Question about bulk potatoes.

Discussion in 'Refrigerated Trucking Forum' started by Canadianhauler21, Jul 3, 2020.

  1. Canadianhauler21

    Canadianhauler21 Medium Load Member

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    I'm hauling a load of bulk potatoes in a reefer trailer at the moment. It won't cool to the BOL temp of 50°F. The boss told me to open top trailer flap and back trailer flap, this seems counter productive to me. Reefer is throwing up error code 26 (thermo king) Low refrigeration capacity.

    Now I read that other thread similar to this question, but will it hurt if the load stays at 60°F overnight? It won't go any lower than this, with the flaps closed or open. It's my 2nd reefer load and I'm super paranoid, can't even sleep. Do potatoes really take this long to cool down? It's been like 7 hours now and it's only at 60F.
     
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  3. sealevel

    sealevel Road Train Member

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    Listen to your boss. Open your flaps, and get some sleep. They will dump you like a trash truck and we will all be eating rotten sour cream and chive potato chips in no time.
    Honestly, get some sleep and let the man paying your check worry.
     
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  4. uncleal13

    uncleal13 Road Train Member

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    I hauled them in a dry van. As long as it was vented, it was fine.
     
  5. Canadianhauler21

    Canadianhauler21 Medium Load Member

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    Alright, I'm gonna just leave the vents open and go to sleep, hopefully all is well in the morning. Thanks for your input, makes me feel a bit better considering you did it in a dry van
     
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  6. D.Tibbitt

    D.Tibbitt Road Train Member

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  7. againstthewind

    againstthewind Road Train Member

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    sometimes when you load a dry product on a reefer it takes longer for the temp to come down because of the temp of the product when its loaded.
     
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  8. little cat 500

    little cat 500 Road Train Member

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    I haul bulk potatoes all year long with a insulated trailer summer months just open vents and ride you will never cool a load of potatoes in a reefer in the summer months
     
  9. Cattleman84

    Cattleman84 Road Train Member

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    Potatoes is what I haul every week from Idaho to the Mid west, alot of which are bulk loads. Most require a temp of 42° but some times as high as 50°... 60° is a little high, I would be concerned, but it really depends on how cool the potatoes were before they were loaded. All potatoes in Idaho are kept at 42° in storage cellars, and in fresh pack warehouses.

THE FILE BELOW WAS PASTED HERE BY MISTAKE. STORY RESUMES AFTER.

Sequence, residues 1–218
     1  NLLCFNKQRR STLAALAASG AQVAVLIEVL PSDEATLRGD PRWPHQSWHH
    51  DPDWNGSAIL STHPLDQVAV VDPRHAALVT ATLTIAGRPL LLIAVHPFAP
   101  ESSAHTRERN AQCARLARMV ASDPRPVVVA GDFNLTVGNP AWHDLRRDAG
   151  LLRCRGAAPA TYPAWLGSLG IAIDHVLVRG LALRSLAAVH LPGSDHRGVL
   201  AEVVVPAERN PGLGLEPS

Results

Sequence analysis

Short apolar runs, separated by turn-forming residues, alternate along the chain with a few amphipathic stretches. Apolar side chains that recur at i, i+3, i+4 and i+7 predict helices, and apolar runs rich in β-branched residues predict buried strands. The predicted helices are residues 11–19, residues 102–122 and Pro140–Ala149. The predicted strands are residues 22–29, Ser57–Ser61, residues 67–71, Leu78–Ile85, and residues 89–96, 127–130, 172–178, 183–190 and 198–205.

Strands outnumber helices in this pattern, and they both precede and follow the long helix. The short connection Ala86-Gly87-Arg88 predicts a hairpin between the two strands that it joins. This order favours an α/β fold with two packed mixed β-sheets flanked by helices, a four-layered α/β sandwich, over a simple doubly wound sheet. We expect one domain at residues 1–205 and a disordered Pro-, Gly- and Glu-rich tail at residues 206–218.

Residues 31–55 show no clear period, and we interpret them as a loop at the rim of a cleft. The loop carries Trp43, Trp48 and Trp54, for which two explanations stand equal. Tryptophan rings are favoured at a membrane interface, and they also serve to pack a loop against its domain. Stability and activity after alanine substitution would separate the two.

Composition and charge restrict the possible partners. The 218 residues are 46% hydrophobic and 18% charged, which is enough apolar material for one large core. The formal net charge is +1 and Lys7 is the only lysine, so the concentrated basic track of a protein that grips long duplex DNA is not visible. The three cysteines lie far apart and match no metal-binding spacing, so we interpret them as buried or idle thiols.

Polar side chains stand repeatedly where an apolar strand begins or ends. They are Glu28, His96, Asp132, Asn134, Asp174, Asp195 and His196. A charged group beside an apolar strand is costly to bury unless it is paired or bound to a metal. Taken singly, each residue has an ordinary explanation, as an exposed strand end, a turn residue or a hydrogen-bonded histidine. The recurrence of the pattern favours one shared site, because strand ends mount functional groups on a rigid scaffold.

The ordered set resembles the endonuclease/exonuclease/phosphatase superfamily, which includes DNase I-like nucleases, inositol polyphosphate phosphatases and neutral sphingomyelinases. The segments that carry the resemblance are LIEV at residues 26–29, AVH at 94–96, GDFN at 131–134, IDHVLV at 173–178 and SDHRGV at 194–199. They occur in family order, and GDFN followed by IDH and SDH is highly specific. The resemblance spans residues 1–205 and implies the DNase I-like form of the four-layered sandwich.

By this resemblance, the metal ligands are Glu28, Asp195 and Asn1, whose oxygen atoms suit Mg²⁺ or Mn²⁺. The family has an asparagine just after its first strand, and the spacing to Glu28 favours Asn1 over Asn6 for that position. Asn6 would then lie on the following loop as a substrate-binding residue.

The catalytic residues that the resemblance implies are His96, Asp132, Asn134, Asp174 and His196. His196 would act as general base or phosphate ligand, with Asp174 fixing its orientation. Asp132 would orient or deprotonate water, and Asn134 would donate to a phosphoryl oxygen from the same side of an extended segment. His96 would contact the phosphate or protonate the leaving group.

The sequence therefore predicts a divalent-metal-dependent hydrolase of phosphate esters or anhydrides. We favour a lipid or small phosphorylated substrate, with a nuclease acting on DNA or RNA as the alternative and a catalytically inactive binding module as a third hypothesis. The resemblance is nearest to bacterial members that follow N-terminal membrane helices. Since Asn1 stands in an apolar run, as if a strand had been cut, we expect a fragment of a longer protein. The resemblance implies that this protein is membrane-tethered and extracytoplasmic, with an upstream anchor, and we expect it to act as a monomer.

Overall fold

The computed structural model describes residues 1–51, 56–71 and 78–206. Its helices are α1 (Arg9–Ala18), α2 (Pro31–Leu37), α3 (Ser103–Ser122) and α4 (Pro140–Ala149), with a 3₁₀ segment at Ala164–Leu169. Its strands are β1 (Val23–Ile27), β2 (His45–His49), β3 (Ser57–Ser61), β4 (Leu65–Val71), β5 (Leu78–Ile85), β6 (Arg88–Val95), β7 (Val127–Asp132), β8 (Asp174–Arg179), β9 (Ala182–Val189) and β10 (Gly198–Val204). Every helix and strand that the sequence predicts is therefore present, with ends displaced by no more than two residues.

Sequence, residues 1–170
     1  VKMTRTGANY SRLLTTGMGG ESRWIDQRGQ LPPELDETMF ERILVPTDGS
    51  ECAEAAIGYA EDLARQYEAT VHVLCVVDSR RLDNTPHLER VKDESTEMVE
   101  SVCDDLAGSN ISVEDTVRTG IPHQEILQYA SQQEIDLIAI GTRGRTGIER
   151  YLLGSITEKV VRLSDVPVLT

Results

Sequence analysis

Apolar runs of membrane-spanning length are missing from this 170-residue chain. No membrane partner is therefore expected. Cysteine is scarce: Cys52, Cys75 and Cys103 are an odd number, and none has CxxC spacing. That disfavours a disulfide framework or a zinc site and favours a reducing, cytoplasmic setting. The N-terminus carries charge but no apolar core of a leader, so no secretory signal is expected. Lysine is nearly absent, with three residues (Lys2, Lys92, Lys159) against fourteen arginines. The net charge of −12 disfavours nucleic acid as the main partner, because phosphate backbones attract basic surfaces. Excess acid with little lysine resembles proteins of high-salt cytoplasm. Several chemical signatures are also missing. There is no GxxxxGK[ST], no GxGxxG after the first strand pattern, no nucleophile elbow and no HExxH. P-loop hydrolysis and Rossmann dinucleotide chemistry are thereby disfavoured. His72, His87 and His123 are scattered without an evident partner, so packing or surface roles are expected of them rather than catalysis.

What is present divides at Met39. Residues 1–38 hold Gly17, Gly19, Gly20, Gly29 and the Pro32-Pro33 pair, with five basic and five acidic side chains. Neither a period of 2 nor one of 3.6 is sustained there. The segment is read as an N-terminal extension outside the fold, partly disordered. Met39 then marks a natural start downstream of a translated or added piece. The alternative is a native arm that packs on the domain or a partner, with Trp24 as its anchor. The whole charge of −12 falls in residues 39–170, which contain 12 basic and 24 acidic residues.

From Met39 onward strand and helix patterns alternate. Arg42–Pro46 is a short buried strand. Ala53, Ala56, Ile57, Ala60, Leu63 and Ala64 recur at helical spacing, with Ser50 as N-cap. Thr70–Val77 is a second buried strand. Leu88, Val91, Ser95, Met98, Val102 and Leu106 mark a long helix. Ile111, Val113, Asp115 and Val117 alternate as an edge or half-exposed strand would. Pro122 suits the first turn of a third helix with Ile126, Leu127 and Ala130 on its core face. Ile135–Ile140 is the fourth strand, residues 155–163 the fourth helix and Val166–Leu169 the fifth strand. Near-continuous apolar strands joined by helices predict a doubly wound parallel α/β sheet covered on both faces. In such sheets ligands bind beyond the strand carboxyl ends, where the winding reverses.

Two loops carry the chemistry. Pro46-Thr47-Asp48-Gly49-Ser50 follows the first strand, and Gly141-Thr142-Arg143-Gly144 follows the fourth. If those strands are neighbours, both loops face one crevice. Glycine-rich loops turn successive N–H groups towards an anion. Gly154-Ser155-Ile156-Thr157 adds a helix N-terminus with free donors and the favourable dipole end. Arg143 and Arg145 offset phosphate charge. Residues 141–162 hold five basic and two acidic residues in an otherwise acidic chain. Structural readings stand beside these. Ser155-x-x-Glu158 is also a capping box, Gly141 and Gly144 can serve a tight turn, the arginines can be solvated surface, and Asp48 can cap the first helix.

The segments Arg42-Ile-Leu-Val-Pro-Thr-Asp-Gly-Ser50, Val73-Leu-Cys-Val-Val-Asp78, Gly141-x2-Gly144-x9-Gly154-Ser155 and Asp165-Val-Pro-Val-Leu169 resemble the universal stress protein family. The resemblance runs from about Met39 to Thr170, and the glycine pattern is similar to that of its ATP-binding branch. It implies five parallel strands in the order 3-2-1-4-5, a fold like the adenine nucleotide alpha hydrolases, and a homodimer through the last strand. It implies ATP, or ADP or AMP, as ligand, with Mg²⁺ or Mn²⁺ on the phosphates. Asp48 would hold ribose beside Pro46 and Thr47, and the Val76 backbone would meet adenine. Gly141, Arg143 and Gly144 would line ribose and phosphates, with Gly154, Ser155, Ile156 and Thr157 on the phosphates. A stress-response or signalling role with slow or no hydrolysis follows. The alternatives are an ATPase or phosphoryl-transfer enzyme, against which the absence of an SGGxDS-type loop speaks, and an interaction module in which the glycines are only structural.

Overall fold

Ive never had a problem keeping potatoes at 42° degrees in the trailer, even when it was over 100° outside. I would say your reefer may need to have the refrigeration unit serviced. Close your front vent before going down the road... With it open it will just drive hot air and moisture inside... If you do manage to get them down below 52° close both vents, and monitor temp closely. You can tell when they are starting to go bad by smell, sniff through vent door... Should smell like cool clean dirt (like good fresh potatoes). If they start to smell sweet, sour, or like something died... Well then you've got problems.

    What state did you load in and how far are you taking them?
     
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  10. Canadianhauler21

    Canadianhauler21 Medium Load Member

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    The reefer shut off last night while I was sleeping, I caught it maybe half hour later when it hit 68F. When I picked it up it was transferred from a farm truck, to a conveyor belt and than into my trailer. I'm taking them about a total of 700 miles, I have about 500 miles left on my trip. The last load I pulled was supposed to be set at -10F, the reefer had no problems keeping it there. These potatoes really caught me off guard. Pickup was in Camden, NC and it's headed to Cambridge, Ontario, Canada.
     
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  11. 062

    062 Road Train Member

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    Sounds like they came straight out of the field. We’ve had a lot of rain in Nc. So you probably have a lot of moisture and hot product. I would do a manual defrost every 3-4 hours and leave the vent door open at the back. Really not much else you can do.
     
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